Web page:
We had invited expert speakers from disparate, non-ecommerce disciplines to give us insight into approaches that might inform our work. We took as a theme how research could help us mitigate the challenge of limited ‘space’ online.
The first presentation was from Martin Heinsbroek of McKinsey, taking as his theme “From Granular Insights to Targeted Actions”. Martin took as his case study the transformation of Signet Bank into Capital One, and the lessons to be drawn about data-driven insights and the benefits of experimentation (as part of a rigorous and consistent test-analyse-implement business-wide culture). The lessons for retailers were clear, especially given our enviable access to web analytics, trading metrics and the ability to A:B test online.
We then stood back from the data and were treated to an inspiring presentation from Ian Worley, Director at Flow Interactive, on “The power of cross-channel research to uncover granular merchandising insights”. Ian took as a starting point the ethnographic research approach – observing customer behaviour while shopping (covered in Internet Retailing earlier this year). Taking case studies like the Early Learning Centre (and others that we’re unable to quote) Ian showed how significant insights from offline research may have very subtle impacts on the website, yet still be remarkably and demonstrably effective. The learning here was that profit uplift comes from a combination of an holistic view of the customer’s needs, behaviours and preferences; putting the web as part of a cross-channel engagement strategy; robust research and analytics and finally a ruthless focus on delivering the customer’s expectations and needs rather than web design and features in isolation.
In the afternoon we were treated to a tour de force from Ed van de Weerd, VP Merchandising at Albert Heijn Supermartkets. It’s difficult to convey in print the combination of popping eyes, dropping jaws and mental lightbulbs illuminating as Ed took us on an insider’s tour of Category Management within supermarkets. Feedback afterwards was unanimous that the strategic approach to range, stock, pricing and brand positioning was a revelation, and that as a group there was a real enthusiasm to adapt this discipline to etail.
All of the presentations elicited detailed questioning and in between each session we allowed plenty of time for discussion – or so we thought! At each break no-one would leave their tables since they were deep in conversation – in October we’ve taken note and will allow even more time for idea and issue sharing…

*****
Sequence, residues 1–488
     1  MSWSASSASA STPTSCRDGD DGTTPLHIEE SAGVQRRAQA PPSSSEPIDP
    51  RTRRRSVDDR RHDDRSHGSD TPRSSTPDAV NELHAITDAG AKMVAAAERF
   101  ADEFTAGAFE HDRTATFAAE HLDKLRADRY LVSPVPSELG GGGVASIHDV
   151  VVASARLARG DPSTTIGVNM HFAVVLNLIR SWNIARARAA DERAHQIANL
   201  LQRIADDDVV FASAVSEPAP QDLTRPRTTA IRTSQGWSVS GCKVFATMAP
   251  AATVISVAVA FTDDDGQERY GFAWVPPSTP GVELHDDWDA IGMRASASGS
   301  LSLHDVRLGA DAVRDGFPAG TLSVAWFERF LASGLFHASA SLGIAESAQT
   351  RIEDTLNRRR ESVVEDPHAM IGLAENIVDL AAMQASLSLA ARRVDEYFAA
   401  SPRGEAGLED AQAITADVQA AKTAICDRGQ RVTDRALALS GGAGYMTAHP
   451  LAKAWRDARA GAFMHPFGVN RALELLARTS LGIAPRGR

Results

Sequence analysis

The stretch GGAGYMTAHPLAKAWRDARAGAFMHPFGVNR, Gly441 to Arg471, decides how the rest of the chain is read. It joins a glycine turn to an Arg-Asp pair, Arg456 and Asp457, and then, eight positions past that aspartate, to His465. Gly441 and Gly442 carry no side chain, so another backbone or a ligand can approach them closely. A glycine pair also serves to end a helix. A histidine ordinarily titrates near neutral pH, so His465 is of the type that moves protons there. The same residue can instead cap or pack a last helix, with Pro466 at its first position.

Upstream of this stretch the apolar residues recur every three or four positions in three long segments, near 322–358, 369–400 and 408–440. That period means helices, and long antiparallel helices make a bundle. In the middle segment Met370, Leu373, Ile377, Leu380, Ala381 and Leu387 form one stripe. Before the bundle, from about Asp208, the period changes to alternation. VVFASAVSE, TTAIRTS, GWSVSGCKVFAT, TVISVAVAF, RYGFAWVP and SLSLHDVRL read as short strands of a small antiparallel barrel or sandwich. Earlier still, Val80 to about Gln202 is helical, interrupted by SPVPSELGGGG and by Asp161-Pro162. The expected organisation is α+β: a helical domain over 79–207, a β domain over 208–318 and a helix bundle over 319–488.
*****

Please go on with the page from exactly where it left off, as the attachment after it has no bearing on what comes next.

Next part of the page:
Feedback from delegates was very positive and the agreement is to come together twice a year with members conducting joint experiments throughout the year and feeding back to the group.
We’ve also been working on the next agenda which – although not yet finalised – will continue our quest to learn everything we can from our offline colleagues. We are looking at present at the area of Visual Merchandising. Joris has been considering the ‘convergence of product merchandising and advertising’ and, via the Forum, his hope is to “achieve a point someday where we know as much about selling online as we know today about selling in the real world”.
At Internet Retailing we’ll be bringing the learning from these sessions, along with the debates and issues, to the pages of the magazine and features on our portal. We’re also interested to hear your thoughts on the key issues, challenges and opportunities in online merchandising – do let us know, and help set the agenda for progress in online selling.
The ECF was jointly founded by Ian Jindal and Joris Beckers, and is supported by Internet Retailing and made possible by the generosity of Fredhopper.com. Invitation of the Forum is strictly by invite only to senior retailers with experience of complex businesses with over €70million in online sales, but we are always keen to find ways to engage peers and disseminate learning. Please address thoughts, along with suggestions for members that we may have missed in error, to email@example.com.
Some of the companies represented in the Forum are:
Otto, Vergelijk, Telegraaf Media Group, GAME Stores Group, Figleaves.com, Thomas Cook, Conrad, Neckermann, Interflora, E-consultancy.com, V&D, Maxeda, Nedis Group, Marks & Spencer, Clarks, Adidas, Ferio, Bijenkorf, KPN, Waitrose, Quelle, arvato systems GmbH, Mexx, Albert Heijn, Woolworths, Bol.com, Samsonite, Procter & Gamble, Toys R Us, Acuista, Manutan International, Lovefilm.com, Manutan International, House of Fraser, B&Q, Apple, Amazon, Staples, La Redoute, HMV, Sainsburys, Next, Redcats, H&M.